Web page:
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The Mental Side of Movement

female students stretching EC mental health
When Endicott reopened to students in September 2020, the College knew the importance of keeping the Post Sport Science & Fitness Center open as well.
By: Erin Hatch


This is the third story in a series about mental health on the Endicott College campus. Learn more about spiritual support on campus and the new Wellness Center.

When Endicott reopened to students in September 2020, the College knew the importance of keeping the Post Sport Science & Fitness Center open as well.

Folks like Mark Kulakowski Jr., Assistant Athletic Director, Facilities and Recreation, understood that the ability to work out at the Post Center could be an important mental health lifeline for students struggling with isolation and stress brought about by COVID restrictions.Head shot Mark K

“Last year it was imperative to keep this place open, and we did everything and anything to do that,” he shared. “It was easier to say ‘no’ last year, to not have to figure it out. But we needed to find out how to say ‘yes.’ We knew it was an important place to get away for our students.”

Exercise science major Mikyla Burnett ’22 appreciated that effort. “Even during the semesters with strict protocols due to COVID, we were able to still access the fitness center, just with a smaller capacity, thanks to Mr. Kulakowski,” she said.

That time at the Post was special, according to Connor Amsley ’23, who faced the challenges of lockdown by staying active.

“I placed a heavy importance on staying busy and keeping my mind and body at work,” he said. “Endicott College and my home gym allowed me to take two hours out of my day to work hard and be busy, instead of staying in and feeling trapped by the possible dangers within our society.”

This is Your Brain on Exercise

Marisa Mickey, Faculty Department Lead and Assistant Professor in the School of Sport Science, knows there is a strong connection between mental health and exercise, even if the exact details are difficult to determine.

“Some research suggests that exercise may increase endorphins or serotonin or brain-derived neurotrophic factor,” she explained. “What is nice is that exercise can work both acutely to help alleviate any psychological disturbances such as anger, tension, and confusion, and chronic exercise—approximately a 12- to 16-week streak or longer—has been shown to decrease both anxiety and depression in individuals.”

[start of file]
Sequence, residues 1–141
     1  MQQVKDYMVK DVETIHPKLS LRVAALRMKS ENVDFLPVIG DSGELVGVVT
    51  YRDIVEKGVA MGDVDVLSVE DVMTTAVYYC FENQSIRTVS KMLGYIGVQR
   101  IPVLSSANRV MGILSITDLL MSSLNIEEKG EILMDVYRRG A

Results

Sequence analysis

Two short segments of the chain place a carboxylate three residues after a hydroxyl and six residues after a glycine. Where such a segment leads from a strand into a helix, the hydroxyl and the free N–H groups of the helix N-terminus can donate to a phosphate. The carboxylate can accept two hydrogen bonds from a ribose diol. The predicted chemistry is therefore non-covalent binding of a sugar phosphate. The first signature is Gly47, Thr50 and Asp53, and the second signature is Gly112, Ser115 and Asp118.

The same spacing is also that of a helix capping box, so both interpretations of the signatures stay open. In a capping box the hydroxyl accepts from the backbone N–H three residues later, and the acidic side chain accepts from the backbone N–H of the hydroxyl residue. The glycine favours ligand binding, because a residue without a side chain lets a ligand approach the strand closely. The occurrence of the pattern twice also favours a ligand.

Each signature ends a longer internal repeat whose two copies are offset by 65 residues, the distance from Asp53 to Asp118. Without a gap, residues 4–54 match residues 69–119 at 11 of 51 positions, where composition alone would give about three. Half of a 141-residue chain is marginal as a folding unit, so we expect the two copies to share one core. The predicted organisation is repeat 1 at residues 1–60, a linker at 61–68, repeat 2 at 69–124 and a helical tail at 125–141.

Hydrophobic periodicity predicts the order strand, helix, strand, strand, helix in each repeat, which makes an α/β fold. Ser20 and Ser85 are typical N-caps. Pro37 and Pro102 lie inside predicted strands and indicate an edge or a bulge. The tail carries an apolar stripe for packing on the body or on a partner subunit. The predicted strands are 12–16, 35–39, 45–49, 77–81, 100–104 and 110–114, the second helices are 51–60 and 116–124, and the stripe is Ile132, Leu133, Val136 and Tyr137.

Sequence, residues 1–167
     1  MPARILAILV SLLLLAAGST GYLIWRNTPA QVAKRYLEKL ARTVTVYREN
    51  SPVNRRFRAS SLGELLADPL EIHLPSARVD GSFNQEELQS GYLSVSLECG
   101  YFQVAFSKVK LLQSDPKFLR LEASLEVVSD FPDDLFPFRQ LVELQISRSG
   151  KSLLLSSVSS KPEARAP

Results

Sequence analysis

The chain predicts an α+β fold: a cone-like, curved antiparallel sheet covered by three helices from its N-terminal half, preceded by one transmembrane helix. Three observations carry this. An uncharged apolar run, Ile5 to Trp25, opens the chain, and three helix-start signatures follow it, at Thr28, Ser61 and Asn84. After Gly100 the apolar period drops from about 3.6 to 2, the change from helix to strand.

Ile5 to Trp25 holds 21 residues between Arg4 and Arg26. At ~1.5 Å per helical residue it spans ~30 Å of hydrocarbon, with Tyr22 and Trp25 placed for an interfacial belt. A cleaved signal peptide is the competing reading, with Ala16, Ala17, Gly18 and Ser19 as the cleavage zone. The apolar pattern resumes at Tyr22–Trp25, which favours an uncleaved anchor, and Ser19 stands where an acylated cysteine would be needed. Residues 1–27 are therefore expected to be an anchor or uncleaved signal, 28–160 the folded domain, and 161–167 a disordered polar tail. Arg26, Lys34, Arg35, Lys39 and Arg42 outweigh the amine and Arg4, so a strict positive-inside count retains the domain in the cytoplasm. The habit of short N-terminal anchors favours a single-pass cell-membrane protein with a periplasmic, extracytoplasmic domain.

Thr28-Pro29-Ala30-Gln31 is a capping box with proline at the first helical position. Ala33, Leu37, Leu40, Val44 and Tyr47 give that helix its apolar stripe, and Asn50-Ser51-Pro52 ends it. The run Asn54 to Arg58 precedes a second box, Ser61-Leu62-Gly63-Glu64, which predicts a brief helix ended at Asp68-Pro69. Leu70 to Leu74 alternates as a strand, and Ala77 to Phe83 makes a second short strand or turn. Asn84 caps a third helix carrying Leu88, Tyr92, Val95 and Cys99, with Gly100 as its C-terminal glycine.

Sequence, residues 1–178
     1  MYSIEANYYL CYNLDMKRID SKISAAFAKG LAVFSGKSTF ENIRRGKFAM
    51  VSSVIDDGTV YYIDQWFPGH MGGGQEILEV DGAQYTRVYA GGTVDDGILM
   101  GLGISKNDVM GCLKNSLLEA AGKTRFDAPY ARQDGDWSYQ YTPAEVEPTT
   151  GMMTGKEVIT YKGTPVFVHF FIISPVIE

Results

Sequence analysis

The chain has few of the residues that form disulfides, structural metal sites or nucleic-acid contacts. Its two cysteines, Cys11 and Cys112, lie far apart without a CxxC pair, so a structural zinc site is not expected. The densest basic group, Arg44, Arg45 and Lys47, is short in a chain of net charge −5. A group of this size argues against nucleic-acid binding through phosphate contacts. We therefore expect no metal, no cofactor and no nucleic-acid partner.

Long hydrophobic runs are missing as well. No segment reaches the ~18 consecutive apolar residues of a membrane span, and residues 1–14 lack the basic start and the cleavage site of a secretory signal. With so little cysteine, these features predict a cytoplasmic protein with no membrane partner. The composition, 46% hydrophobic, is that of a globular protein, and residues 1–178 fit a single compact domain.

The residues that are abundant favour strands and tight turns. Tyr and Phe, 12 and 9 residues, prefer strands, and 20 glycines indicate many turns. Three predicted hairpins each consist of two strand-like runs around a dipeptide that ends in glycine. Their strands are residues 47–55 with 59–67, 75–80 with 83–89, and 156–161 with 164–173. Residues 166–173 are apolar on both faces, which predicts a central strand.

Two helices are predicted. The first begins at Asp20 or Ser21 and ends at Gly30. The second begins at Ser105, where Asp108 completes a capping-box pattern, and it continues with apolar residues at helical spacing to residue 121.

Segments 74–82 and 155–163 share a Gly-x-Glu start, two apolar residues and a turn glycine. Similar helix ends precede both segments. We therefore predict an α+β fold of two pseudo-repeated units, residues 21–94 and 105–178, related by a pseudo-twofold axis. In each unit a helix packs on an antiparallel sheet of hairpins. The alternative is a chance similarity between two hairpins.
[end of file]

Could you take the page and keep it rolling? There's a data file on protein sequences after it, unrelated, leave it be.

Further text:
Mickey advises that any movement brings benefits.

“There is no one better exercise for improving mental health. It really does not even need to be exercise—rather, physical activity itself,” she said. “As exercise professionals we want our clients to do things that they enjoy. Exercise is fun and should be thought of as a way to de-stress and make time for yourself, so it is best to do what you enjoy or it just becomes something else to add to the list.”

The American College of Sports Medicine recommends that individuals accumulate 150 minutes per week of moderate intensity exercise, or 75 minutes of vigorous exercise, to promote overall health and wellbeing.

But Mickey reminds us not to feel intimidated by those numbers: “It is important to keep in mind that anything is better than nothing,” she said. “It’s not just exercise that’s good for you—overall physical activity can improve mental health as well. This can mean taking the stairs instead of the elevator, parking further from a door and walking, or even cleaning your house or room.”

The Post and Beyond

This year, things at the Post Center almost feel back to a pre-pandemic normal. According to Kulakowski, the College is determined to make sure the Post Center is an up-to-date and innovative facility for students. In the exercise and weight room, cardio machines are replaced every fourth year, and Endicott stays on top of trends such as the new indoor turf area.

Weights and treadmills not your thing? Try an aerobics class, running track, shooting hoops, intramural events, or even e-sports. At Endicott, intramurals keep to a shorter five-to-six-week season, which allows students more opportunity to try different offerings per semester.

Pop up events, coordinated with Student Engagement, have brought unexpected ways to work movement and sport into having fun. Past events include Harry Potter-themed dodgeball and a ping pong tournament, and upcoming events include a Mario Cart tournament with the Gaming Gulls club (December 2), and a poker tournament (December 9).

If a breath of fresh air sounds more appealing, you’re in a great spot. “Endicott has great geography for getting outdoors,” said Kulakowski. “Students love to go run at Dane Street Beach, Lynch Park, or down to Manchester or Beverly Farms. It’s safe, beautiful, and free.”

Or, perhaps a meet-up with likeminded students sounds like a more energizing way to get moving.

“We have a few clubs that focus on movement, the outdoors, and exercise,” said Alyssa Laurenza, Assistant Director of Student Engagement. “From the Outdoor Adventure Club to Ultimate Frisbee or the Endicott Environmental Society, they are a great opportunity to meet new people and stay active in different capacities. Outdoor Adventure Club has bi-weekly hikes off campus and Endicott Environmental Society has hosted hikes right on campus, through our Endicott trails.”

But for those individuals who might find the task of regular exercise daunting, take heart with these words from Burnett:

“A lot of people find it difficult to be motivated to work out, and I would be lying if I said I was always motivated every time I walked into the gym,” she admitted. “But I’ve never worked out and regretted it. There are a lot of things you can't control in life, but exercising is one thing you can.”

Looking to get some movement in? Check out the Post Center hours or call or email Mark Kulakowski for a fitness orientation or equipment walkthrough.